Palace of Pod Bacha (rebuilt after WWII) situated in the heart of the capital

The long years of Russian occupation of Warsaw were marked by continuous uprisings that were harshly repressed, but also by a considerable industrial deployment. The Great War gave the Poles, who had never given up their struggle for independence, the opportunity to put the pieces of their lost country back together again. Warsaw was once again the capital of a sovereign state, and during the interwar period, before the alliance between Moscow and Berlin sealed its fate far beyond its borders, it became one of the great capitals of Eastern Europe, with an active economic and cultural life.

Freta Street in Warsaw

Winds of Death. 

None of this survived five years of war, repression, and systematic destruction. For the first time in its long history of misfortunes, 1945 was truly annihilated, unable to recover from the loss of 90% of its buildings and almost 2/3 of its population. But the new government decided to keep it as the capital, initiating an ambitious reconstruction plan that wisely combined scrupulous respect for the structure of the historic sectors with a complete urban modernization to adapt the city to the needs of the second half of the 20th century.

Warsaw During the Nazi Invasion

The most modern districts were entirely remodeled, new streets were opened, the main arteries were widened and the number of bridges over the Vistula was increased. In contrast, both the old town and the neoclassical neighborhoods in the south, centered around the great avenues of the so-called Krakow suburb (Krakowskie Przedmiescie) and Nowy Swiat, were painstakingly restored to their original appearance, down to the smallest details, which is one of the most successful architectural works of the 20th century and has served as an example for many similar projects in various countries.

Palace of Culture and Science in Warsaw 

The reconstruction did not always follow the state of the city in 1939. In many cases, it took the opportunity to eliminate additions or modifications lacking artistic value and tended to recover the city of the 18th century, the period to which most of the buildings belonged. The result is a homogeneous architectural ensemble, particularly valuable in the area defined as world heritage, comprising the old medieval city, i.e., the Stare Miasto and Nowe Miasto, bounded by the Vistula docks to the east, the Royal Palace Square to the south, and Konwiktorska and Sanguszki streets to the north, and Podwale, Dluga, and Bonifraterska to the west.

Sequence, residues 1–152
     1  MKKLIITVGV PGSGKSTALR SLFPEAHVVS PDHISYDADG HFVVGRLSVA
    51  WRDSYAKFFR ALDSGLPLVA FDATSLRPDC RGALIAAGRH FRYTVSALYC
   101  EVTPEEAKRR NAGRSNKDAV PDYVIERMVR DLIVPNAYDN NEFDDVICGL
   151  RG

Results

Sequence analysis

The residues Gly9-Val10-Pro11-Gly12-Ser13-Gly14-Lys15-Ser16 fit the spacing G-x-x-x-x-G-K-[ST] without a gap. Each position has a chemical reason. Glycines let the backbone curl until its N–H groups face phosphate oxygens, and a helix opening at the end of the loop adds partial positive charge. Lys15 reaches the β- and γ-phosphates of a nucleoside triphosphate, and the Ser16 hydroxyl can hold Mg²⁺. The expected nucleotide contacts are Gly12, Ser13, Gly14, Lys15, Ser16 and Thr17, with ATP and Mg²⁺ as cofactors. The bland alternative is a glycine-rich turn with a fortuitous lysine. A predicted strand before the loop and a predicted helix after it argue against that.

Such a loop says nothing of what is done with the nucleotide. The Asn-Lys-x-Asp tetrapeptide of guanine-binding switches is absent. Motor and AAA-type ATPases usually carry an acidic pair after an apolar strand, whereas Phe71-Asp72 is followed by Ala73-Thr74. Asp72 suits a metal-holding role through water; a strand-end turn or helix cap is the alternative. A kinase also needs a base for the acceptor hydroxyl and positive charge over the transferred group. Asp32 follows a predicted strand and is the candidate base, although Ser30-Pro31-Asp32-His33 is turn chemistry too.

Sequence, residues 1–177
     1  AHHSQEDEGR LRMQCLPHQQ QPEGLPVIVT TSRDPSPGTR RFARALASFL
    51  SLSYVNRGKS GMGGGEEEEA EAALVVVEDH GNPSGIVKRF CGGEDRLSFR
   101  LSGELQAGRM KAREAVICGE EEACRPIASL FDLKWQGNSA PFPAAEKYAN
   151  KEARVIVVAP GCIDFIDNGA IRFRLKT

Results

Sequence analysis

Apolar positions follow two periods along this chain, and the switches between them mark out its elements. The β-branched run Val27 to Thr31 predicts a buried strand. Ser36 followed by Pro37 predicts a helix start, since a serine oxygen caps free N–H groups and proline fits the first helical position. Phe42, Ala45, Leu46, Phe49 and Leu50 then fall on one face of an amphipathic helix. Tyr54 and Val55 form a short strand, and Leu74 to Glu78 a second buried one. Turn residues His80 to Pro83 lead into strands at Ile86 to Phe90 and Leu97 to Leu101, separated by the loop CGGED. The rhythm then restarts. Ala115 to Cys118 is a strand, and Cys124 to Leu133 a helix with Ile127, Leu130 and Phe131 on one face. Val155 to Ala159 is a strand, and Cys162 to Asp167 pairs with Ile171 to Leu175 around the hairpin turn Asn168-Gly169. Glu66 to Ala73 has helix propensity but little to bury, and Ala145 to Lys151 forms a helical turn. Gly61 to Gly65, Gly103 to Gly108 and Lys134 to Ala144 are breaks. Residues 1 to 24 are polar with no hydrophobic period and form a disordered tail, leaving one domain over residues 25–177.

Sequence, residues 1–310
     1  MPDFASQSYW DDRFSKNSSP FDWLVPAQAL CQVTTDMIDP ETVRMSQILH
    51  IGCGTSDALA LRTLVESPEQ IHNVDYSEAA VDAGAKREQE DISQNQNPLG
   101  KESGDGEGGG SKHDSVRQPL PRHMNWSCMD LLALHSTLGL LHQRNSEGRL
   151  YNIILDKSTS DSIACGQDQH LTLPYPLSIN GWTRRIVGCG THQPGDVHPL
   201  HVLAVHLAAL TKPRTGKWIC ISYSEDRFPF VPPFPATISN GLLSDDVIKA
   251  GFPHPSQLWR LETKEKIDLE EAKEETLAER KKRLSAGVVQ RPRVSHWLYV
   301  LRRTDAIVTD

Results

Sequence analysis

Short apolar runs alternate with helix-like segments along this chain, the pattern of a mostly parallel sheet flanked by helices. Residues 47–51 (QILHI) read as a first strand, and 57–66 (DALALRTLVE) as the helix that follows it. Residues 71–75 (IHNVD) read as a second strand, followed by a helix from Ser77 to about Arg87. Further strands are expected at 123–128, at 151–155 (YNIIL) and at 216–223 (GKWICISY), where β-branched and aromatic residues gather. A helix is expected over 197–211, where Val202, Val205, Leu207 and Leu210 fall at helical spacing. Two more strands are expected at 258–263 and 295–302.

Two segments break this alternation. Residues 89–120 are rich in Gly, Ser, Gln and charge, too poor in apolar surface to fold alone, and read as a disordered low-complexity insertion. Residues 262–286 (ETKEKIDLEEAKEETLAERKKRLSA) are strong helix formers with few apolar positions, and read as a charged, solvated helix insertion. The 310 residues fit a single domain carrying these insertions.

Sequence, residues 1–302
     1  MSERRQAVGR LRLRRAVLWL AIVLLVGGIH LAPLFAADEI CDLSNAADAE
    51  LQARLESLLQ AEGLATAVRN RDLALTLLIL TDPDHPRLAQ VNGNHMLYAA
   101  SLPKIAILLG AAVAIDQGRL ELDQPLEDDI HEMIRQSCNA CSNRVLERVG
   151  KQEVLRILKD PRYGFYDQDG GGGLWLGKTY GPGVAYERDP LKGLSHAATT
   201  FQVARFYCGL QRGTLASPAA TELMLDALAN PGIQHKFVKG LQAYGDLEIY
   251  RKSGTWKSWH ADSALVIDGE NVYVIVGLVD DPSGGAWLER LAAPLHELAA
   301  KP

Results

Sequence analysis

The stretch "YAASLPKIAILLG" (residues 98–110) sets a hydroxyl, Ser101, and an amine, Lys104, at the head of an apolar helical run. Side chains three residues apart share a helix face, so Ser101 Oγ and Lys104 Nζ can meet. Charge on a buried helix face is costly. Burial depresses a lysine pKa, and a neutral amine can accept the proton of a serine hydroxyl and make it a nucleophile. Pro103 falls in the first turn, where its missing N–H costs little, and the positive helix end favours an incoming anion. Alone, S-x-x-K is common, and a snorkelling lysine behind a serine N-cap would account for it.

The Cathedral and the Castle. 

The Beautiful Royal Palace in Warsaw built in the 18th century

The ensemble is articulated around an axis formed by the streets of Swietojanska, which links the Royal Palace with the Cathedral, and Freta. Both converge in the market square, trapezoidal in shape, which marks the boundary between the Stare Miasto and Nowe Miasto. Around this main nucleus develops an urban space, formed mostly by baroque and neoclassical buildings, although it has some Gothic elements such as the Cathedral, the church of the Dominicans, remains of the walled enclosure, and some houses. Houses with attic floors, sometimes with arcades, with carvings, moldings, railings, paintings, or sgraffito, provide its characteristic and endearing flavor to this old Warsaw resurrected. 

At the southern end of the Stare Miasto is located, at the end of a square, the former Royal Palace of the Polish sovereigns. It was built between the 16th and 17th centuries, on the primitive ducal castle, by Andrew Hegnerabramowicz for King Sigismund III Wasa, whose statue crowns a tall column erected in front of the palace in 1644. After the fall of the monarchy, it served as the seat of successive occupying powers, until the Nazis blew it up in 1944. Fortunately, the 22 views of Warsaw that adorned the so-called Hall of Perspectives, painted at the end of the 18th century by Bernardo Bellotto Il Canaletto, and which were to play such an unmistakable role in the reconstruction of the city, were not lost.

The Cathedral of St. John the Baptist in Warsaw

To the north, the narrow Swietojanska Street leads to St. John's Cathedral, the other great monument of old Warsaw. A neo-Gothic work, its first construction dates back to the end of the 13th century; it lacks, however, the monumentality of other contemporary cathedrals, which is not surprising considering that it did not have such status until the 18th century. When it was built, it was only the main church of a prosperous but provincial merchants' village, far removed from the tragic and heroic destiny that history had in store for it.